SPRINGFIELD, Mo. – While up to 1.5 million people in the U.S. suffer from aortic stenosis (AS), approximately 500,000 within this group of patients suffer from severe AS which usually occurs in patients older than 75 years of age. Mercy is among only a few in the U.S. now offering the transcatheter aortic valve replacement (TAVR), an innovative procedure to replace narrowed or diseased aortic heart valves non-surgically using a catheter.
At 86, Harold Block looks forward to getting back outside on his cattle farm in Harrison, Ark. Since November of last year, his health has been declining rapidly, but he’s ready to be outside now thanks to TAVR, which he had in March at Mercy Hospital Springfield.
Over the last several months, Block had increasingly grown weaker, unable to walk across a room without getting winded. “I couldn't walk more than ten feet without feeling like I would fall down," said Block. He was excited to hear he would get a second chance at life, being the first patient in the region to undergo TAVR.
The Edwards SAPIEN Transcatheter Heart Valve is the first and only TAVR therapy to receive FDA approval, which occurred in November of 2011 by the U.S. Food and Drug Administration (FDA) as a therapy for patients with severe symptomatic native aortic valve stenosis who have been determined by a cardiac surgeon to be inoperable for open aortic valve replacement and in whom existing co-morbidities would not preclude the expected benefit from correction of the aortic stenosis. This procedure enables the placement of a collapsible aortic heart valve into the body through an artery in the thigh. The valve is designed to replace a patient’s diseased native aortic valve without traditional open-heart surgery and while the heart continues to beat – preventing the need for cardiopulmonary bypass; therefore, recovery time is much faster.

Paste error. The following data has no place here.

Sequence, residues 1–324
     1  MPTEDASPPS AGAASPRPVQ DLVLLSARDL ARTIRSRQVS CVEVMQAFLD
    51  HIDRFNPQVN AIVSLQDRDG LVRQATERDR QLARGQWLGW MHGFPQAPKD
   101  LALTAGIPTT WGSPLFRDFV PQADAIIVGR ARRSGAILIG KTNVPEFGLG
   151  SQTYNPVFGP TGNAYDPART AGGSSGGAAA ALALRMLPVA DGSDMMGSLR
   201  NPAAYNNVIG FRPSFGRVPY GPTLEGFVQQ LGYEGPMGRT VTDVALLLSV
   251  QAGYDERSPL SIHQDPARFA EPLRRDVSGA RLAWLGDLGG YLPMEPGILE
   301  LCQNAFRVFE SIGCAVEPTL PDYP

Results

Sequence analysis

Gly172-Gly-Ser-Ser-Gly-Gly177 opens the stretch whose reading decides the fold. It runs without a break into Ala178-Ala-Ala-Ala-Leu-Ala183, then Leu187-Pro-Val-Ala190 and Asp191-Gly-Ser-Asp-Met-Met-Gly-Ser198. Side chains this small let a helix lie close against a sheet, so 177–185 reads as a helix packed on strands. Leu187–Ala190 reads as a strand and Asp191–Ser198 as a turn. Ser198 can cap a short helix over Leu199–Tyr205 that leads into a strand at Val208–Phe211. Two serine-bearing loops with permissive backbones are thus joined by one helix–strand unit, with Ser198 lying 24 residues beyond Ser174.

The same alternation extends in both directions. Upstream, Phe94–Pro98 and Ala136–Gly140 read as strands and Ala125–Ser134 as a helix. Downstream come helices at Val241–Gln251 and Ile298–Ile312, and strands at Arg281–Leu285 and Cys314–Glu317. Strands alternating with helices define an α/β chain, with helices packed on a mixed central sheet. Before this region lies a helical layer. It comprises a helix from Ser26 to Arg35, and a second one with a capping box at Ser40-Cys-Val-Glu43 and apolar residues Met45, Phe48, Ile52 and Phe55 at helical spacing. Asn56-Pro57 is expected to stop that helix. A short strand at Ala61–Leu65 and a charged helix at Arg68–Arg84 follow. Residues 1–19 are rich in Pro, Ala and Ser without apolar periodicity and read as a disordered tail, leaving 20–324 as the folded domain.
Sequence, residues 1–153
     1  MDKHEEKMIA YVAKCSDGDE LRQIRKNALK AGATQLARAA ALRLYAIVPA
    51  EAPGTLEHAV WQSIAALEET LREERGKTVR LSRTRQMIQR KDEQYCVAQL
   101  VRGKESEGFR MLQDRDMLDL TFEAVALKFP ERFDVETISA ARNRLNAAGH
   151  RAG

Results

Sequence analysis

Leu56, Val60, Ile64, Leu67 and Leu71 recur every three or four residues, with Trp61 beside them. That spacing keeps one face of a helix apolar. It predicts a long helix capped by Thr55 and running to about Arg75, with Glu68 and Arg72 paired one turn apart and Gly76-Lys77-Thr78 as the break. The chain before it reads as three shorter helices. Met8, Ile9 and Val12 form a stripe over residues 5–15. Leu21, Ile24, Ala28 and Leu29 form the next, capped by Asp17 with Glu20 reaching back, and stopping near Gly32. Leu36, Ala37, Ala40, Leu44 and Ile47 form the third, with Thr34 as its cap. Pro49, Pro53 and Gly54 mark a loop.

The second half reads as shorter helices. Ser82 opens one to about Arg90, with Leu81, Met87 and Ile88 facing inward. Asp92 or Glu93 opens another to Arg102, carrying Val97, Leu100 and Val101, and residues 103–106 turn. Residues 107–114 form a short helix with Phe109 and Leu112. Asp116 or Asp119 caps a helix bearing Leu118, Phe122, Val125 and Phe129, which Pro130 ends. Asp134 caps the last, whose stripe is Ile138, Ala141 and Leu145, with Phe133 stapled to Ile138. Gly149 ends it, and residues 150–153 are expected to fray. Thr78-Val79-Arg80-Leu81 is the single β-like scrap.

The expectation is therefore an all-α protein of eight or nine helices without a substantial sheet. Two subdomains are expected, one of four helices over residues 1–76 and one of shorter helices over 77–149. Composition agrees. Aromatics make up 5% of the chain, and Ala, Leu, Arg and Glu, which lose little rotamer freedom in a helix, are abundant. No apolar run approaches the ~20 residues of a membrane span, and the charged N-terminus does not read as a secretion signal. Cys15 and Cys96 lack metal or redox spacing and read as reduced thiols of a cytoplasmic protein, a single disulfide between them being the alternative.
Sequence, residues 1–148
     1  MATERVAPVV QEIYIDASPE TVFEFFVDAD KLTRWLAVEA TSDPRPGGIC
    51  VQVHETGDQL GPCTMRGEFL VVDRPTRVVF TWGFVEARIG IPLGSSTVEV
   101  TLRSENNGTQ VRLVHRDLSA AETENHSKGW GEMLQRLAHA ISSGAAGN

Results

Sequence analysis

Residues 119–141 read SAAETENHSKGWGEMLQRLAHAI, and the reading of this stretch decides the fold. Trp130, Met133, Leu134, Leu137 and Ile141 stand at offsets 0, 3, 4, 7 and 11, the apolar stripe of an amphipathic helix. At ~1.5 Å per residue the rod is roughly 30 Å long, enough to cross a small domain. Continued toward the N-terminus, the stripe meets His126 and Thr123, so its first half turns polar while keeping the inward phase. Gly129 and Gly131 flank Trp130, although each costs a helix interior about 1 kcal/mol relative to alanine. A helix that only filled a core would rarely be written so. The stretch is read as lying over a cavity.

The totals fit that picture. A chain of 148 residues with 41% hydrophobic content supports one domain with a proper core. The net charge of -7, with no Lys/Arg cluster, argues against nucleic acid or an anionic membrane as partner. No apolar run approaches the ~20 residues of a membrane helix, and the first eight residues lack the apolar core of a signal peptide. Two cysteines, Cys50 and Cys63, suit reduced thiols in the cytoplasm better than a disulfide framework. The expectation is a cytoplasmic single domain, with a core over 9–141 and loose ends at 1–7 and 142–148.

“TAVR allows us to treat patients who would otherwise not be treatable with standard open-heart surgery to have their aortic valve replaced,” said Dr. David Cochran, Mercy cardiologist. “These are patients who are inoperable for a variety of reasons, such as older age, prior open-heart surgery, or coexistent medical conditions, which make them too high of a risk for conventional valve replacement surgery. Up to now, their only other option was medical therapy which can cause debilitating symptoms and has a poor short-term prognosis in terms of survival.”
Soon after his surgery, Block was up and walking without any problem. "As soon as I came to after the surgery, I could tell that I felt a lot better," said Block who was able to go home just two days after having the TAVR procedure. "I had no other option at that point, and I'm so glad I did it. I feel great now."
“It’s an exciting new option to be able to offer because it has the potential to fix the underlying problem and allow the patient to feel better quickly. It offers them hope and, in a lot of cases, the ability to return to activities that they have not been able to do for months, or often even a year or more,” said Dr. Cochran.
A multi-disciplinary, Heart Team approach is essential to ensuring optimal patient outcomes in TAVR. The partnership between the cardiothoracic surgeon and interventional cardiologist establishes the core of the TAVR Heart Team.
“It’s the culmination of almost two years of work with Mercy’s cardiologists and cardiovascular surgeons and the vendor, Edwards Lifesciences, to design and implement what is known as the TAVR Program,” said Andrew Reid, vice president of cardiology at Mercy Hospital Springfield. “This incredible new technology is sure to benefit many patients in the communities that we serve.”
Studies show that without an aortic valve replacement, 50 percent of patients with severe AS will not survive more than an average of two years after the onset of symptoms. Prior to the advent of TAVR, there was no definitive treatment option available for inoperable patients.